emotional and subjective – dominated (King, 2000: 17). Thus, the immediate social context –
both in the host country and at home – plays a significant role.

        The Macedonians are the most pessimistic of all national groups, with 29.7% (11) saying
they believe conditions will be very unsatisfactory when they will return and an additional 48.6%
(18) selecting “unsatisfactory”. Just 10.8% (4) say conditions will be “satisfactory”, 8.1% (3) do
not know, and no respondents believed that conditions would be “very satisfactory.”

        It should be noted that return migration is closely linked to the question of irregular
migration: very often, individuals considering a return home – a return which will likely be an
assisted one, as opposed to the return home of regular migrants at the expiry of a short-term work
visa – are irregular migrants. The European Commission, as well, has become interested in the

topic of voluntary return, not least because of its connection with irregular migration (European
Commission, 2002a). Based upon the Commission’s Green Paper and the intensive discussion
surrounding it, a Communication was issued in October 2002 (European Commission, 2002b).
This Communication, among other things, noted the importance of integration, saying that

          Care will also have to be taken to ensure that the ground is prepared for profitable reintegration
          both for the returnee and for the place of origin. This will require both a firm commitment on the
          part of the third country and the readiness of the European Union and its Member States to
          provide the necessary assistance where required (European Commission, 2002b: 5).

        In other words, what are the grounds for profitable (sustainable) reintegration irregular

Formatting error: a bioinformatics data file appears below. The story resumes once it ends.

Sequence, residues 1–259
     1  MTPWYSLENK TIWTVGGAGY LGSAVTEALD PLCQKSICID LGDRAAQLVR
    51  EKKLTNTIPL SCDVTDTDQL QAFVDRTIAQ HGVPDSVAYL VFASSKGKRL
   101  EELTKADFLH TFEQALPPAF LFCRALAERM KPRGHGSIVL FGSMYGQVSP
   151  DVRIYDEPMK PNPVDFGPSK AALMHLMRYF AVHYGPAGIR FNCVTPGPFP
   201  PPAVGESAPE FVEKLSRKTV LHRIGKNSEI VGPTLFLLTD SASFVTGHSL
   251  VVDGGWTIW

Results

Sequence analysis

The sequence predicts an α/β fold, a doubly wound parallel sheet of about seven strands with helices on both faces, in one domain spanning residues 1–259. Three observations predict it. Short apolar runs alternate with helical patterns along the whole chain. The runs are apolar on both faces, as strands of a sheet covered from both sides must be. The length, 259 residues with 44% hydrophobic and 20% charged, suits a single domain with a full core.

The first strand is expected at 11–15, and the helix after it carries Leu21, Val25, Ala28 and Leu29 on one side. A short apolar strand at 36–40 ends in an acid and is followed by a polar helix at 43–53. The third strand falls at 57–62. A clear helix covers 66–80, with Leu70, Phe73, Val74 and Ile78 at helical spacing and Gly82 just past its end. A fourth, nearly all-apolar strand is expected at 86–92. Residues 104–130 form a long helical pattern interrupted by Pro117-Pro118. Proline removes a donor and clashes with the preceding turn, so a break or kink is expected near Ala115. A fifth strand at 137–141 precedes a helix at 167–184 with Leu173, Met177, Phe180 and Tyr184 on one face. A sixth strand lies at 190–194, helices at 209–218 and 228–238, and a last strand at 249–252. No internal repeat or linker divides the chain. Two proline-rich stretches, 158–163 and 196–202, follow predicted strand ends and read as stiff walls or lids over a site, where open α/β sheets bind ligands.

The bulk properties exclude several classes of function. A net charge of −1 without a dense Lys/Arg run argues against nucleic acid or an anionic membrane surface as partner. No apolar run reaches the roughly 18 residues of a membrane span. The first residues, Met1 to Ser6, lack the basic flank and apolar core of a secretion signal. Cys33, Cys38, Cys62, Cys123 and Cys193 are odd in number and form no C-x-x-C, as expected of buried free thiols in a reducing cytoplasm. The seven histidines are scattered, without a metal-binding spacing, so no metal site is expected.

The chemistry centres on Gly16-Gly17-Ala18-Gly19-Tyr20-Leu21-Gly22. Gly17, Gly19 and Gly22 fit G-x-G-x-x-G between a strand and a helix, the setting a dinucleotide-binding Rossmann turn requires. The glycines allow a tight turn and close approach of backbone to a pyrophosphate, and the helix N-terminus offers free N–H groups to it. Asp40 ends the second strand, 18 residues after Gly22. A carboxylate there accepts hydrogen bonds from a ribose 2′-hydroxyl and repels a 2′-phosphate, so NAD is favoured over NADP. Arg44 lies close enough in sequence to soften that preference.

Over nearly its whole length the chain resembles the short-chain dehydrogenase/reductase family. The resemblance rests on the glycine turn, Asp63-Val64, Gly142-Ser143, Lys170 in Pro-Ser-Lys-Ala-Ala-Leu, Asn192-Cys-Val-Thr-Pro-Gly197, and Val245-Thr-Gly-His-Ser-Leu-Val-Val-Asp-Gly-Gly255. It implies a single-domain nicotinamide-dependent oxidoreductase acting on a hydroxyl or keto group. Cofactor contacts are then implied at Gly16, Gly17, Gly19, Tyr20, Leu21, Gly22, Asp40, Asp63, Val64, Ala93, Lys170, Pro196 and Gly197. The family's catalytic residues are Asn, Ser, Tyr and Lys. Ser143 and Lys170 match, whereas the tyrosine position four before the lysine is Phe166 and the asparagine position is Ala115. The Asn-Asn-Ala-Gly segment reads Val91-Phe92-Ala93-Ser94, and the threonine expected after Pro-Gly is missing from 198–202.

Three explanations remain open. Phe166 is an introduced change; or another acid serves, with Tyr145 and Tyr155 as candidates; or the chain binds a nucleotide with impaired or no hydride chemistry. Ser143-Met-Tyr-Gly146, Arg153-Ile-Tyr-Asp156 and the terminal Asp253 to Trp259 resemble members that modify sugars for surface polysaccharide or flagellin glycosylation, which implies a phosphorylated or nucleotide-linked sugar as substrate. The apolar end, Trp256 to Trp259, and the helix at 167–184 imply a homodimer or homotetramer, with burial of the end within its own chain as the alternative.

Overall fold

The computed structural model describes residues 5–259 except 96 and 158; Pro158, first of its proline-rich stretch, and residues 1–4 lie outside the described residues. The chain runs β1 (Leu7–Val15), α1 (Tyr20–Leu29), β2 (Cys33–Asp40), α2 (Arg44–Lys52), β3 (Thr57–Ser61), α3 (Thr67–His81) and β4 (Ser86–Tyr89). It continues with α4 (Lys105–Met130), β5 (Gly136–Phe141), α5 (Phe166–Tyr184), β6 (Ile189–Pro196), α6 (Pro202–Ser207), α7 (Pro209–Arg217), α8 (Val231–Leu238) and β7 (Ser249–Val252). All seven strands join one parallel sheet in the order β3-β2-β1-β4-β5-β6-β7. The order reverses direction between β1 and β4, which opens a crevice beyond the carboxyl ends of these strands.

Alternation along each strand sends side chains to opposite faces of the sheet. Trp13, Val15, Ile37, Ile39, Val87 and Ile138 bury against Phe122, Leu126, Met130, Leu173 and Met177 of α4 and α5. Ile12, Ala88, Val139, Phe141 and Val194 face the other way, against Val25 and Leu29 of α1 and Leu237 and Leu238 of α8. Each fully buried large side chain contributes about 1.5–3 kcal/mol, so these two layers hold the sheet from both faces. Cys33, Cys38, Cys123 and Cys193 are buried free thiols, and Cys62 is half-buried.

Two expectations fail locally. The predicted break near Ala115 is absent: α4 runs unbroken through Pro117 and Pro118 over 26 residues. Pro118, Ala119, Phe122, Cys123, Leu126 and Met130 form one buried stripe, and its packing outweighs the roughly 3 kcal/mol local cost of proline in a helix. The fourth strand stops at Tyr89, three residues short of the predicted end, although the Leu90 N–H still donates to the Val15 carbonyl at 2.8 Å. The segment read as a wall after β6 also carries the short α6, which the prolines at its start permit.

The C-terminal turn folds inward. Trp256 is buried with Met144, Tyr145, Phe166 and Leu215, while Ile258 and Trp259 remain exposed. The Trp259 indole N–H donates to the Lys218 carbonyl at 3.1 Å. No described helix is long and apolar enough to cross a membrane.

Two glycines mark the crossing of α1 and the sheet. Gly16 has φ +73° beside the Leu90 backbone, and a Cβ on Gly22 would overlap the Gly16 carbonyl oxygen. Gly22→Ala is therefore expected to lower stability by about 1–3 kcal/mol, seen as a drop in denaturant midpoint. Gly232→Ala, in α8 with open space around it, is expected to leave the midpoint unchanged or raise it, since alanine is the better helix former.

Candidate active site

migrants in EU Member States? – Receiving return assistance. The main types of return
assistance desired were: loans for small and mid-size business start-up (63.0%), followed by job-
seeking assistance (55.9%) and a housing allowance (50.2%).

       Macedonia does not offer any type of return assistance to immigrants, neither has a
policy to attract immigrants back home. However we analyzed the current conditions under
which the returning migrants could get loans, housing, get their belongings back home and
access medical and educational services.

        Loans for small business start-up are clearly the assistance type of choice. There appears
to be a widespread lack of confidence in the economy to provide jobs, hence the wish to establish
one’s own place of business. This is relevant considering the level of unemployment in
Macedonia reaching 361.335 people in October 2006. By starting up one’s own business, one is
not dependent upon an employer for work. Furthermore, if a returnee starts a small business,
there may be jobs created if the business is successful; given the network nature of migration,
these jobs could theoretically go to other returnees. Those immigrants that are returning home
and are starting up their own business are also transferring knowledge and technology and
contribute to the development of the local communities where their businesses are located64.

         However for one returning immigrant to receive loan and start up his/her own businesses
s/he should provide a collateral (most preferable means of collateral are mortgage on the house,
apartment, or office base located in the profitable economic areas of the towns) to the financial
institution approving the loan scheme. And if as many as half of the surveyed immigrants were
looking for housing allowance as a mean of returning assistance than they would not have the
preferable collateral for the desired loan and thus would not get the loan itself.

        The job seeking assistance is also not realistically to be provided for the returning
migrants, as Macedonia does not provide such assistance to this particular group of people but
provides assistance to all unemployed through the Bureau for employment that serves as a
interlocutor between the job and employee seeking groups. Recently with the new Law on Labor
Relations (Official Gazette 62/2005) a more pro-active measures to decrease unemployment
were introduced through the private agencies for employment that also appear as intermediaries
between the employers and job seekers.

     As in CRPM’s study “How to make the Gostivar economy champion?”, 2006

        Housing per se is not provided by the state except for the poor, young couples or the
family of the victims of the 2001 conflict. The state does not have any schemes for provision of
housing allowance, but such can be obtained on the market, from financial institutions such as
banks, on commercial basis. For this to happen one must provide collateral, which again is a
house, flat or an office base. However, there were successful cases when the host country
provided housing allowance for the immigrants returning to their country of origin, such as the